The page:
Chapter

Exits

Lord Denning

in The Due Process of Law

Published in print January 1980 | ISBN: 9780406176080
Published online March 2012 | e-ISBN: 9780191705113 | DOI: http://dx.doi.org/10.1093/acprof:oso/9780406176080.003.0026
Exits

More Like This

Show all results sharing this subject:

  • Constitutional and Administrative Law

GO

Show Summary Details

Preview

The law has placed no restriction on people going out of England to avoid tax or for any other reason. There was in olden days a writ called ne exeat regnum. The author states that he had never known a case in modern times where this writ had been issued: and he thinks it is now obsolete. Especially now that imprisonment for debt has been abolished. A creditor has now a better remedy by way of a mareva injunction, which does not trespass upon personal liberty. But the law still does what it can to discourage citizens taking unfair advantage of their liberty to go abroad. This chapter discusses the case of Jersey, a favourite haven for the tax avoider. Furthermore, it also discusses those who operate companies registered abroad in tax-havens.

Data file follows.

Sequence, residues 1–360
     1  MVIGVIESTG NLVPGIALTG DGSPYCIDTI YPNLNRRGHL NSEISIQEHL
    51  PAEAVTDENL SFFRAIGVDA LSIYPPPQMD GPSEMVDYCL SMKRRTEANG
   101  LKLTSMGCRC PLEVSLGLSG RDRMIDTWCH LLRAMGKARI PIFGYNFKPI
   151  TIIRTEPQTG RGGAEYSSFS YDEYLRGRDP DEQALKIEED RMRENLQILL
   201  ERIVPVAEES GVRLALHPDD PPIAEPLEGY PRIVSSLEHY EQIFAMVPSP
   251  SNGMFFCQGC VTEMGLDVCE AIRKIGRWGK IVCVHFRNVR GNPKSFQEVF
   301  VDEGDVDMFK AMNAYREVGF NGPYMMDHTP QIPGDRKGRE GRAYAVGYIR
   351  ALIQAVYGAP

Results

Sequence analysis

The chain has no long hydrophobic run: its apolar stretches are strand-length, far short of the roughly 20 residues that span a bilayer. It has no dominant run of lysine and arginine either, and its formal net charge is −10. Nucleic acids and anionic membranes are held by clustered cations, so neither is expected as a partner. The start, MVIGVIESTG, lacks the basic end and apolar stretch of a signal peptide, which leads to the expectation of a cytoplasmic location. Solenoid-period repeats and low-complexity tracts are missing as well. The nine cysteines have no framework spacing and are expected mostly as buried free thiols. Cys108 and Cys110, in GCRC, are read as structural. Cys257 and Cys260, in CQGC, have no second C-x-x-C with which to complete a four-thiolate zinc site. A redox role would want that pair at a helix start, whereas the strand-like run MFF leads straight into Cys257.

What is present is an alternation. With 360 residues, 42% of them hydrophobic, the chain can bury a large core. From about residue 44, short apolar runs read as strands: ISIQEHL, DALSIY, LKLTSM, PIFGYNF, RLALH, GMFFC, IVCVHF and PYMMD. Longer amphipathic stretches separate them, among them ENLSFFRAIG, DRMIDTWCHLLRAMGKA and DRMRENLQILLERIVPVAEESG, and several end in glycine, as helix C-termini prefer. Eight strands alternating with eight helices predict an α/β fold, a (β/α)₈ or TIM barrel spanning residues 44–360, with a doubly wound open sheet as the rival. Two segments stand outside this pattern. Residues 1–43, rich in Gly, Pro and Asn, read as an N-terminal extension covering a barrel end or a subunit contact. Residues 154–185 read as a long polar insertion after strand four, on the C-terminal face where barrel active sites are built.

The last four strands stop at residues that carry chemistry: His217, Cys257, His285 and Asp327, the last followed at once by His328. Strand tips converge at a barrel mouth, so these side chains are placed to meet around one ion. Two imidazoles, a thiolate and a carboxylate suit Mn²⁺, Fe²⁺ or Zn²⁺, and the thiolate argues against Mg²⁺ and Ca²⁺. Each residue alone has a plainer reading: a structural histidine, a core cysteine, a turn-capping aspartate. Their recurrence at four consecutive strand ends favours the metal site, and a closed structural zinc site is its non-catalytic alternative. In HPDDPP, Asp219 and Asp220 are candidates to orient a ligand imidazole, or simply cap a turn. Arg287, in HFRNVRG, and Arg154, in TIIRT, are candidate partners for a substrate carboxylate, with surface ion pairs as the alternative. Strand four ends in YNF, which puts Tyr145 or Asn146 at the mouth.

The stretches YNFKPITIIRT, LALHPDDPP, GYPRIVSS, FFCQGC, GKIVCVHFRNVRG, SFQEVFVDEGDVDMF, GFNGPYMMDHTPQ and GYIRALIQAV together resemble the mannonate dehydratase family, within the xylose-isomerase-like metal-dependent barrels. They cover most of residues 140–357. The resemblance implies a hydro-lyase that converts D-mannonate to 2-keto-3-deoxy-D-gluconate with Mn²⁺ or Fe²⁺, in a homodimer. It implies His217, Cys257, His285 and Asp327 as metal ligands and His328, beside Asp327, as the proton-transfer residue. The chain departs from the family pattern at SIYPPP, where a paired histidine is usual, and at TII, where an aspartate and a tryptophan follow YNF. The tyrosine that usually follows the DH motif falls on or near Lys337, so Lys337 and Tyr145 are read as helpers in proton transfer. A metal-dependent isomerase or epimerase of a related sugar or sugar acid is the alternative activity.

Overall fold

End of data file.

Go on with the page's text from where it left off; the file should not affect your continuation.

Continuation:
Keywords: writ; ne exeat regnum; creditor; mareva injunction; tax-havens

Chapter.  1919 words. 

Subjects: Constitutional and Administrative Law

Full text: subscription required

How to subscribe Recommend to my Librarian

Buy this work at Oxford University Press »

Users without a subscription are not able to see the full content. Please, subscribe or login to access all content.